After Hurricane Ian, the town of Longboat Key is in the early stages of debris cleanup. Monday was his sixth day of decontamination work.
From October 5th (Wednesday), cleaning activities commissioned by the town started on public roads in the town. For private roads, usually neighborhood roads, a right-of-way contract had to be filed before a contractor could pass to collect the debris.
“Many of those[agreements]are currently being implemented,” Mayor Tom Hamer said on Monday. must.”
Due to timing, it is likely that by the end of the week the contractor will be in the area where the entry agreement is filed.
To complete the entire first pass on both the island’s public and private roads, Hamer expects the process to take several weeks.
“Usually the first pass picks up all the debris that was put there in the first place,” he said. “There’s usually some level of extra cleanup happening.”
Since Gulf Drive is a state highway, the town’s FEMA representative informed that private town contractors are not allowed to pick up debris along the road. The Florida Department of Transportation has coordinated an initial cleanup of the island starting Thursday. October 6th.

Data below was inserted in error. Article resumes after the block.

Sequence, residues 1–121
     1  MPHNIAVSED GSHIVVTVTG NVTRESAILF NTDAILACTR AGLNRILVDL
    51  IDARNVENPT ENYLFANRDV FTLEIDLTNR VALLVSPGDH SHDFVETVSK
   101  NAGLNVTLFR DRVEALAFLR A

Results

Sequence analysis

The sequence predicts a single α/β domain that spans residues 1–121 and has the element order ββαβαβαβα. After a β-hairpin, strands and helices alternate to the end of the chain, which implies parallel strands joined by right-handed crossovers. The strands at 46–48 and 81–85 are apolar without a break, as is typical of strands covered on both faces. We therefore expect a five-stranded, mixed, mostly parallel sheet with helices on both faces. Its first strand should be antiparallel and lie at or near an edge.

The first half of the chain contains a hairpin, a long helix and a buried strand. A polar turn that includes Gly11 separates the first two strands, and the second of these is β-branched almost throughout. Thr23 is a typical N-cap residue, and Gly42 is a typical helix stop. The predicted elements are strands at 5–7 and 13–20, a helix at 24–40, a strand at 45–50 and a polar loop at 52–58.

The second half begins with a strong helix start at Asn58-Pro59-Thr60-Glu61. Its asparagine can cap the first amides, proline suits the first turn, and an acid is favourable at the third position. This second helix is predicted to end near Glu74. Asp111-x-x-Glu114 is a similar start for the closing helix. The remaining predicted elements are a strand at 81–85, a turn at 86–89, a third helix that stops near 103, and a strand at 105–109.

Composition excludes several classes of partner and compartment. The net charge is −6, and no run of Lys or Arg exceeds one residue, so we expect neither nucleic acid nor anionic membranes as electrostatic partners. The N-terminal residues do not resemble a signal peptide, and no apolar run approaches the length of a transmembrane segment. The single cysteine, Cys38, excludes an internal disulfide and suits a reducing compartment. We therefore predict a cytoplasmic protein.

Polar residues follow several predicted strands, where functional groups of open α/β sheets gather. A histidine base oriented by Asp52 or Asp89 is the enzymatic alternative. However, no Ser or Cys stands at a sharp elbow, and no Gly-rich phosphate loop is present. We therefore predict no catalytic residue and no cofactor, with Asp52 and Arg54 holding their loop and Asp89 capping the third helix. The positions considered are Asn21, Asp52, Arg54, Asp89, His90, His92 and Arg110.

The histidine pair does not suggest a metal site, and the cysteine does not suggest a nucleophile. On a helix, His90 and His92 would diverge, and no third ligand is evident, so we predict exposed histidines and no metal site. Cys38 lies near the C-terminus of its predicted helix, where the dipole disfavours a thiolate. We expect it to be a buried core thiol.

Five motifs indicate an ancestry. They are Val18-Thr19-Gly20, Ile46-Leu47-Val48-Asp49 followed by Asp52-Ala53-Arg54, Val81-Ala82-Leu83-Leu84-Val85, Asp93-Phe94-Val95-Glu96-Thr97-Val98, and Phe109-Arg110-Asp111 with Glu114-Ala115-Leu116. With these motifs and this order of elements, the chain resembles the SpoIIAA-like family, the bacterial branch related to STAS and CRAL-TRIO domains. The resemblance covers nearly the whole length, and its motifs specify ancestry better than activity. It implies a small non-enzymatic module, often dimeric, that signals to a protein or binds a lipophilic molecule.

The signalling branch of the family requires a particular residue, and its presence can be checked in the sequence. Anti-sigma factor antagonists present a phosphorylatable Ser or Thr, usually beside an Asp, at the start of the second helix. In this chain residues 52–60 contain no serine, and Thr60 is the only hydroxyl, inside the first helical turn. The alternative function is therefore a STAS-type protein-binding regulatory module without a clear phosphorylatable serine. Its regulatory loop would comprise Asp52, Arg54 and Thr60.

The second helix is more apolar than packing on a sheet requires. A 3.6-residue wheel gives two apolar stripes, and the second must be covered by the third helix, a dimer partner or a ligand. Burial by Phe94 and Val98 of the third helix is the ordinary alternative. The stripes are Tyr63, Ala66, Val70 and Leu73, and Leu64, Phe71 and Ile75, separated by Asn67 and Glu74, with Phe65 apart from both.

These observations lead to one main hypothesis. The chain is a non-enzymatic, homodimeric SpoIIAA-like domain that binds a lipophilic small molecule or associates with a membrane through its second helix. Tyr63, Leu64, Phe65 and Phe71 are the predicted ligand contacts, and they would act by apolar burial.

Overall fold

Harmer expects the state sweep along the Gulf Drive to be completed this week. State he completes only one pass.
Hamer noted that additional cleanup could already be seen along the Gulf of Mexico Drive in areas the state has already passed through to pass along the road. Debris left on the road after the first pass is collected during additional passes through the island.
After a hurricane, it usually takes three passes over the island to complete the clearing of all the debris.
For Hurricane Ian, FEMA covers 100% of the cost of debris removal for the first 30 days.
FEMA regulations also require that the pickup process be highly regulated and monitored. The town has deployed a debris monitoring contractor to ensure the town meets the required processes and has the necessary documentation in place.
During the cleanup, the town’s waste management department has chosen to suspend recycling services for the next two to four weeks due to storm priorities and limited resources, an email from Harmer to the commissioner said. Both Sarasota and Manatee counties have taken similar steps.
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